Adoption of Blockchain — the underlying distrusted technology that powers cryptocurrencies such as bitcoin — is a bit like teenage sex.
“Everybody is talking about it, not many are doing it, and those that are, are doing it badly,” Vincent Doueizel, vice president for food and sustainability at the non-profit Lloyd’s Register Foundation, said at this year’s Blockchain Expo in London.
Dozens of companies, including Maersk, the Australian Securities Exchange, Louis Dreyfus, and Centrica are awkwardly fumbling in the dark. But there are very few instances of a company having succeeded in making a move from trials to fully production-ready blockchain, let alone having replaced any mission-critical processes yet.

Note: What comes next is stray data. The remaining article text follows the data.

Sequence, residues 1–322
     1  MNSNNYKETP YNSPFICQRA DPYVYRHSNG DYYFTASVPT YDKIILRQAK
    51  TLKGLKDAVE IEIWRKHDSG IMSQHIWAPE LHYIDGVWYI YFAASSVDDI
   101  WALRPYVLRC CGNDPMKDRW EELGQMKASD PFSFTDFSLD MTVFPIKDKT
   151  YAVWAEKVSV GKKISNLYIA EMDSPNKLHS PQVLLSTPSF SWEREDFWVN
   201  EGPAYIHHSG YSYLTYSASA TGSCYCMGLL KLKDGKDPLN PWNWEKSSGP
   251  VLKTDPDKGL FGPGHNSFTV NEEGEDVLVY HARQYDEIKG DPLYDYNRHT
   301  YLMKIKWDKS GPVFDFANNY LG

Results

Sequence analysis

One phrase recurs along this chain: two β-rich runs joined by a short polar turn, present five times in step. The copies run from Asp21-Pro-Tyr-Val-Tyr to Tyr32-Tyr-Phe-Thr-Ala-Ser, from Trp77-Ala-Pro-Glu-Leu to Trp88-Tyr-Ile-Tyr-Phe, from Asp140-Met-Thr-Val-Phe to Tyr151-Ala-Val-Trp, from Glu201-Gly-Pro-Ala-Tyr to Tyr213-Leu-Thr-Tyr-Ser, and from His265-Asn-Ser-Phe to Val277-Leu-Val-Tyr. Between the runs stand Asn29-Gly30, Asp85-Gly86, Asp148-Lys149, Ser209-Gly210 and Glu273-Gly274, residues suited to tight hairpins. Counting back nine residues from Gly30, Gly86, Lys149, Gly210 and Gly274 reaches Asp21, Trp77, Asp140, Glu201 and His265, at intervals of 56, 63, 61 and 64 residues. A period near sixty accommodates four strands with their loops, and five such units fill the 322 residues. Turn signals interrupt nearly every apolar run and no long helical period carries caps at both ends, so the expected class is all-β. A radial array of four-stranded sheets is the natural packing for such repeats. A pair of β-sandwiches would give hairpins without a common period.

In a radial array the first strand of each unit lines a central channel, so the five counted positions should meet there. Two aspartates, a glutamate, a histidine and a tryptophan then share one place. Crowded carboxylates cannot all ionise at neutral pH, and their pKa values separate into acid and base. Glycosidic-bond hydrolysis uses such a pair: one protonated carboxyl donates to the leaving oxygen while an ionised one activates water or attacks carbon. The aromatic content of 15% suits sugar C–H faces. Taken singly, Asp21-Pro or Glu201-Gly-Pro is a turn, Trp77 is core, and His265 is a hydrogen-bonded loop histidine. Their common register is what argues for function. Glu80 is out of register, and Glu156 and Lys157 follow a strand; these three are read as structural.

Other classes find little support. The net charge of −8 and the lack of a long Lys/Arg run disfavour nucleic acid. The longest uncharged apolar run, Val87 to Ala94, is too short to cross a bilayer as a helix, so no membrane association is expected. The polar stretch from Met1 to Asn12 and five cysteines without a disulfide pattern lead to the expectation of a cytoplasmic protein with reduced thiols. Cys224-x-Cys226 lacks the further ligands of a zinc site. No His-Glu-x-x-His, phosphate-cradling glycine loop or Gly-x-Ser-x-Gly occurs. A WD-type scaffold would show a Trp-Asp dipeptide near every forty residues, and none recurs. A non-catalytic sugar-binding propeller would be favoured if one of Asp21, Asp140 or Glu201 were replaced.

A recent report from EY claimed the current enterprise distributed ledger technology (DLT) [another term for blockchain] landscape is fragmented, featuring dozens of different protocol specifications being developed in isolation. The majority of these networks are being deployed at small-scale for testing purposes, generally have a small number of participants and run in simple, safe environments where they do not interact with mission-critical enterprise systems.